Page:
Beef, Pickled Cows, Art and PETA


When I heard the name of the Brooklyn artist Tamara Kostianovsky, my first thought was, “Oh, well, yet another young Russian artist, hoping to conquer New York.”  I was wrong. Ms. Kostianovsky  is neither particularly young nor she is Russian, in spite of Russian-sounding name.  She is a child of Seventies and grew up in Argentina.

Looking at the sculptures  above, I couldn’t quite comprehend what those colorful hunks of god-knows-what were meant to represent. Some unbeknownst abstractions? Now that I know, I can explain my ignorance by my  lack of exposure to humongous chunks of meat. Normally, I meet my meat  in grocery stores, neatly packaged and rather small.   Yes, Ms. Kostianovsky’s objets d’art  are meant to represent semi-realistic  “portraits” of pieces of meat , of cut carcasses , bones and cartilage of animals, often displayed hanging from hooks as they would be hanging in slaughterhouses. 

Don’t feel immediately grossed out. Unlike Lady Gaga’s infamous Angus-beef-stake dress,  Ms. Kostianovsky sculptures are honest-to-goodness vegetarian and 100% eco-friendly. Her raw material isn’t raw meat but… fabric — all sorts of discarded clothing, used yarn and various other textile treasures found in closets, attics, ancient chests and thrift stores.  Some of the objects of her exhibit Habeas Corpus (Latin for I have a body) below look really, should I say, meaty.  Commenting on her own works, Ms. Kostianovsy says she wants to stir not positive but negative emotions in people. By her own admission, she creates symbols of  violence and murder.

“I intended to show viewers the real and the absurd nature of violence, offering an opportunity to reflect on the vulnerability of our physical existence, violence, poverty , consumption, and the insatiable needs of our physical nature.”

Ever ready with a snide remark or two, I was about to exercise this readiness  to my vile little heart’s desire. But then I read this on Tamara Kostianovsky’s homepage:tamara 3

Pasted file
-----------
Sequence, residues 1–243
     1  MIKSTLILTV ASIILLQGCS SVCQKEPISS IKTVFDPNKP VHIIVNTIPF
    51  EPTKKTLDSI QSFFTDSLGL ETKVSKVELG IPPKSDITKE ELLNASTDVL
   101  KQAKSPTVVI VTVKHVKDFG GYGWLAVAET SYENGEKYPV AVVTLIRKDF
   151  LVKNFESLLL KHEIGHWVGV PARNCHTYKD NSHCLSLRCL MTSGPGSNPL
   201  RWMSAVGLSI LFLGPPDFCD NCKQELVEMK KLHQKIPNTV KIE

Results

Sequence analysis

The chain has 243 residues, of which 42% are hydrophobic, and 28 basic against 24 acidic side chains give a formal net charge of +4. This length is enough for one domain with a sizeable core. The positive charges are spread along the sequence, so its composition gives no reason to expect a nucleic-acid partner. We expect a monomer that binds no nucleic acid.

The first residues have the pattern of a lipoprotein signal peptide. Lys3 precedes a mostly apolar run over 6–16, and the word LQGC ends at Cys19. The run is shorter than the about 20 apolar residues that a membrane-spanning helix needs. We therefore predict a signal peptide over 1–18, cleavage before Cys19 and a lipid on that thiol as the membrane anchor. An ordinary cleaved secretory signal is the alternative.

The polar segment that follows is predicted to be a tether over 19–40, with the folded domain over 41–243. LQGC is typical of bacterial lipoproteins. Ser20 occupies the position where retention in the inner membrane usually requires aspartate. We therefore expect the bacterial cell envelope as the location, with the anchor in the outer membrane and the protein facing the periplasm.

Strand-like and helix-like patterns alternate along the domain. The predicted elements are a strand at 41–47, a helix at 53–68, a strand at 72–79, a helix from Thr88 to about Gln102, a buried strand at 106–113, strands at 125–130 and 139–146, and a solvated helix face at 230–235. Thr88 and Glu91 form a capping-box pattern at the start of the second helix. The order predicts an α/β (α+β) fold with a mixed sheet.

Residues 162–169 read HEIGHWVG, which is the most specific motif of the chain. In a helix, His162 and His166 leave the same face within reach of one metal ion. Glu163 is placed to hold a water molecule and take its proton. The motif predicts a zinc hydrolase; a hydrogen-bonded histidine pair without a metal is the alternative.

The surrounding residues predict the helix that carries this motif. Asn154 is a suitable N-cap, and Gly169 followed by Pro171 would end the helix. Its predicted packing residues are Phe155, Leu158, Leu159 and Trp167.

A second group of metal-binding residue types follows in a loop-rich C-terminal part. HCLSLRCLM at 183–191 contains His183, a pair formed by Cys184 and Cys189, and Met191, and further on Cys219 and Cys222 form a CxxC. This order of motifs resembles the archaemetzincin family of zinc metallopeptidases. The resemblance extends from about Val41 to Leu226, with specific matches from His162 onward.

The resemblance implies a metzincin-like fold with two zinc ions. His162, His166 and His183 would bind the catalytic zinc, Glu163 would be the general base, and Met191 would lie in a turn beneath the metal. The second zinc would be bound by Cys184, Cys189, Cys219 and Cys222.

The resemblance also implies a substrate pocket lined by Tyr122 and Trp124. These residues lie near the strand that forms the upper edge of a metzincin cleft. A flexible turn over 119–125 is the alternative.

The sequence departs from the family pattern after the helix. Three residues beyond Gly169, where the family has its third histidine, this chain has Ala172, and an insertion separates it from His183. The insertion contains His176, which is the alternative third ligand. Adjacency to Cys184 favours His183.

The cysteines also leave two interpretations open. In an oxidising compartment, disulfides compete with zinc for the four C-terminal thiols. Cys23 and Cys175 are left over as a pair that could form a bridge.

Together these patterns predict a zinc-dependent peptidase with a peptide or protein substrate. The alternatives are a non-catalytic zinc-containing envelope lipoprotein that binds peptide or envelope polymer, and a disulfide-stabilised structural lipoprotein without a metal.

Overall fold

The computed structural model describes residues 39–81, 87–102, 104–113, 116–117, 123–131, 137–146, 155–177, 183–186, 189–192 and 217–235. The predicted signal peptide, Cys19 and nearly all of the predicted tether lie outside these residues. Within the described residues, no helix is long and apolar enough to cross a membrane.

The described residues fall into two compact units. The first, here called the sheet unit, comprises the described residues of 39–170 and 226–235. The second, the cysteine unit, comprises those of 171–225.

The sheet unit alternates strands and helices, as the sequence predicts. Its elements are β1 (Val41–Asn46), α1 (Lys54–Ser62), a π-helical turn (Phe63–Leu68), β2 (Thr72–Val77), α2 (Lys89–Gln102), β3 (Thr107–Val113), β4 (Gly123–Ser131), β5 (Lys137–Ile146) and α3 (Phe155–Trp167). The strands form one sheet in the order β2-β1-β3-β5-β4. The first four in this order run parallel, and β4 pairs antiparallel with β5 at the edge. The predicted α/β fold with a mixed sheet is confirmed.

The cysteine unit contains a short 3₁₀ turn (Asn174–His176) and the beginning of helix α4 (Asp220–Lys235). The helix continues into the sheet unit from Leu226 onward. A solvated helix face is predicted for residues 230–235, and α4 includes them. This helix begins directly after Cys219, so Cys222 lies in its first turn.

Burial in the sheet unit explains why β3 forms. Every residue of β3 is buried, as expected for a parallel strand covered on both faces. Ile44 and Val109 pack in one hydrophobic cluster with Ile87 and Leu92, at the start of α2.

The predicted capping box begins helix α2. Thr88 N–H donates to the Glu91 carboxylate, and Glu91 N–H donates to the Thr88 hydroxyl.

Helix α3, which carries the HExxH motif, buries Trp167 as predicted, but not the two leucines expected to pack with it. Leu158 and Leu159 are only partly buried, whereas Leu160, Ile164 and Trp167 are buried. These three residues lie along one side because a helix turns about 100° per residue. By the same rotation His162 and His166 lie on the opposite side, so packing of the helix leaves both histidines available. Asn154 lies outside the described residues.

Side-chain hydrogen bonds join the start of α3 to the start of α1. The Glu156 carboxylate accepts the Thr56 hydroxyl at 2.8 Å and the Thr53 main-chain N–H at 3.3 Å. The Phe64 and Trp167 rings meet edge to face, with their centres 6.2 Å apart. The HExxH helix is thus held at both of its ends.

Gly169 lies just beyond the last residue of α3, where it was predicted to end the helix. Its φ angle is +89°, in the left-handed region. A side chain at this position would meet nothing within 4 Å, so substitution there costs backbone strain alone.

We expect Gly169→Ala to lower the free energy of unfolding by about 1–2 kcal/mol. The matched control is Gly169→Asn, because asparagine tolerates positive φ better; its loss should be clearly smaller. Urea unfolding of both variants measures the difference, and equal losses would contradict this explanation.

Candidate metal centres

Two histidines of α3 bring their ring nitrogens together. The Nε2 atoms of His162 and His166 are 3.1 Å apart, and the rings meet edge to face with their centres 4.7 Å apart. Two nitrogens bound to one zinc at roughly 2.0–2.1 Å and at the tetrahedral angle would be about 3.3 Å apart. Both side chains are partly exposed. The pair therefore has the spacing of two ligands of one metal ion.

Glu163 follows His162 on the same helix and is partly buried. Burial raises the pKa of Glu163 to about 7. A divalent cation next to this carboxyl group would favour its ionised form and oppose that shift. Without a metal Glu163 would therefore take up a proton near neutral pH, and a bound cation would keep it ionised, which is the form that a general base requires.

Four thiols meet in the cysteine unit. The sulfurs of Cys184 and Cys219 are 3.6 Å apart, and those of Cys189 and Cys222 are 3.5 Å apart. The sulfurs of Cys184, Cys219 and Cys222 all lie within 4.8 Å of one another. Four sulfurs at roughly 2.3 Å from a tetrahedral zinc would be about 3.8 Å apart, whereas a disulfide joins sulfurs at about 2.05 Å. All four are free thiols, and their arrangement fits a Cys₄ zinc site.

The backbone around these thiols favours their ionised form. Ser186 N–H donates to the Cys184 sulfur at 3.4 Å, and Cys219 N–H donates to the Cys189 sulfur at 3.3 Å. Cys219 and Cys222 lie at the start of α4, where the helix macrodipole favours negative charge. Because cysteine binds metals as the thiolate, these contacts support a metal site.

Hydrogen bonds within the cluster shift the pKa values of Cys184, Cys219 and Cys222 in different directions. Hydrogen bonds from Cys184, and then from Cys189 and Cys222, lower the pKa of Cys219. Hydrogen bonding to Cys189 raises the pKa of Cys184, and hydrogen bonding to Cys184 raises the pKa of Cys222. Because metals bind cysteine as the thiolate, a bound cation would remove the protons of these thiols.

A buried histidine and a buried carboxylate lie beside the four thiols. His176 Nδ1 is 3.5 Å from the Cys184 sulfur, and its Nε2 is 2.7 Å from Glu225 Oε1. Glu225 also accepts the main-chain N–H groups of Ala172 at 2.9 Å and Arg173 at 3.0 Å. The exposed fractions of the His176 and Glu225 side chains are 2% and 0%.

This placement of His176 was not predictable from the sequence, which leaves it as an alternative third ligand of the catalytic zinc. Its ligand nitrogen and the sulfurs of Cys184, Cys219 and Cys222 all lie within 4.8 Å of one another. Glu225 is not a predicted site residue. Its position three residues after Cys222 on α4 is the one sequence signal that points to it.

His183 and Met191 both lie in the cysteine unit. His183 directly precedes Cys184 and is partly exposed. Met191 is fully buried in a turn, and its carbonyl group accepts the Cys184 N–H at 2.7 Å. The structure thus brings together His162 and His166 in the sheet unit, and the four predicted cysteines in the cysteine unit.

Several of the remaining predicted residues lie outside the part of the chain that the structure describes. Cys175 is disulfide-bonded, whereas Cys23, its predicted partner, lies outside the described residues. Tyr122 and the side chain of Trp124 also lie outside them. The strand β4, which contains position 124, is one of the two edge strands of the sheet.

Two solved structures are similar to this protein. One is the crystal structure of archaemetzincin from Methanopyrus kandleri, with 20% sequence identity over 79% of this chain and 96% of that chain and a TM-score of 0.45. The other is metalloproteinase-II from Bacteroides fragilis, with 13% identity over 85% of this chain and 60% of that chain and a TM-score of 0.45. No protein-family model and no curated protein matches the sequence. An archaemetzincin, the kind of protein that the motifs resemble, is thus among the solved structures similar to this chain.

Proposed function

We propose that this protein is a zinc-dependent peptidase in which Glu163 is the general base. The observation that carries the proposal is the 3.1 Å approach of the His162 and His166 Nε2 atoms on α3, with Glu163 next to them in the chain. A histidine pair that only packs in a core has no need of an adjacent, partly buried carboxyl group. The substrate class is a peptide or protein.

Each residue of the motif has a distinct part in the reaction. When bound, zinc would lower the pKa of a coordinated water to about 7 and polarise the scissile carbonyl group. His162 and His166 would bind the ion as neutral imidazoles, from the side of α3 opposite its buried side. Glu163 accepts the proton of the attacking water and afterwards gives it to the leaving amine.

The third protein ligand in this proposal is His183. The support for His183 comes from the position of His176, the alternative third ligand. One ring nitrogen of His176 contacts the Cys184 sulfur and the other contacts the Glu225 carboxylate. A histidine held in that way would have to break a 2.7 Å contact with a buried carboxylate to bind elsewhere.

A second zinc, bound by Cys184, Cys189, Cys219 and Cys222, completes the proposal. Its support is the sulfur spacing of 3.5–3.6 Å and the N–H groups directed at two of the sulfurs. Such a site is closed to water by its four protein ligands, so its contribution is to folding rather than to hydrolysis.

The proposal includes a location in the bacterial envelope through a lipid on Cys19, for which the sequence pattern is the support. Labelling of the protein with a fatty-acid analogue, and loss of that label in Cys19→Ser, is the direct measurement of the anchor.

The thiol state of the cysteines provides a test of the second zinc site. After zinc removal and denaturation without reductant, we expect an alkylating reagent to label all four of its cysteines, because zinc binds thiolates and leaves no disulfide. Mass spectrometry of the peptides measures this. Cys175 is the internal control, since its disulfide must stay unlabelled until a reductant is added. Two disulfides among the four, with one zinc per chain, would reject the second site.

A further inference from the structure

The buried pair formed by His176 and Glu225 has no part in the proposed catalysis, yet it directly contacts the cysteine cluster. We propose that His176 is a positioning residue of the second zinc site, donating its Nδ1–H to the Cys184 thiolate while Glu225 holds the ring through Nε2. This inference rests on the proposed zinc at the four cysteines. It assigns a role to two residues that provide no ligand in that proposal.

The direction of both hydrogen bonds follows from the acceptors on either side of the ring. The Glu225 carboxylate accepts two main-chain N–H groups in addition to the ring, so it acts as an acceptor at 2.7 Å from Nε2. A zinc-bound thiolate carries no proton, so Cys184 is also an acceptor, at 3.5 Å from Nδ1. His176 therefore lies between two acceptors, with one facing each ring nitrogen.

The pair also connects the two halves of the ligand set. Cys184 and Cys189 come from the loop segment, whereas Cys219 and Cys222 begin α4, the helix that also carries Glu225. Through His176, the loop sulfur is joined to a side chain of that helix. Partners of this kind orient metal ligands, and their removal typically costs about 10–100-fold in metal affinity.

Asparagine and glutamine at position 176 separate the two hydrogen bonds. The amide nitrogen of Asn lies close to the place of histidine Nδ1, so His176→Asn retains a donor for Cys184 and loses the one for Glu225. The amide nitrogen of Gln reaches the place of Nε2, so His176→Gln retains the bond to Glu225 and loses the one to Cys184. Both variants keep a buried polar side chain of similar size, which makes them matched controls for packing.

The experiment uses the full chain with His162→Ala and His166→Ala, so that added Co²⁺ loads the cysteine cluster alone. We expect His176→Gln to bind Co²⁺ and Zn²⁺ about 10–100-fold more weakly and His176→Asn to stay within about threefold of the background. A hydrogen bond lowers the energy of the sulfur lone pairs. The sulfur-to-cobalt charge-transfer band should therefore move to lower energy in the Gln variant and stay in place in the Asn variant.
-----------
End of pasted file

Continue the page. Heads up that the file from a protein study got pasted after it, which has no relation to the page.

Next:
…and I, sort of, choked on my snidiness. (MS Word doesn’t like this word, but I’ll leave it as is).

Ms. Kostianovsky lived through hell, and hell followed her everywhere. Her artwork is her way of dealing with her demons.  If creating flesh, blood and bone out of textiles is what she does to keep them at bay, then all power to her. It’s not like she is pickling real cows in formaldehyde or exhibits real severed rotting animal heads like formidable and grossly over-hyped Damien Hirst.  I don’t even want to go there, where Damien Hirst dwells.  Remember  the massacre of 9,000 innocent butterflies? Yes, it was Mr. Hirst’s exhibit that — the irony of it! — was called  In and Out of Love. It was the last straw for PETA  (People for the Ethical Treatment of Animals). They fell out of love with Mr. Hirst to an unheard of, absolutely unprecedented degree of no-love-lost, perhaps praying to pagan gods of All Animals for his horrible demise in the paws, hooves, teeth and on the horn tips of every animal Mr. Hirst ever mutilated for the sake of art (or whatever it is Mr. Hirst so tirelessly and repeatedly despoils the canvas that is the Animal Kingdom.)

Meanwhile, undoubtedly, Ms. Kostianovsky is PETA’s darling. Well, I don’t know that for a fact, but if not, then PETA should make her thus. No matter what anyone says — particularly such cynical people as yours truly — she deserved to be their most honored Dame. Just look at these cuddly  bleeding backsides, racks of ribs and carefully arranged guts.


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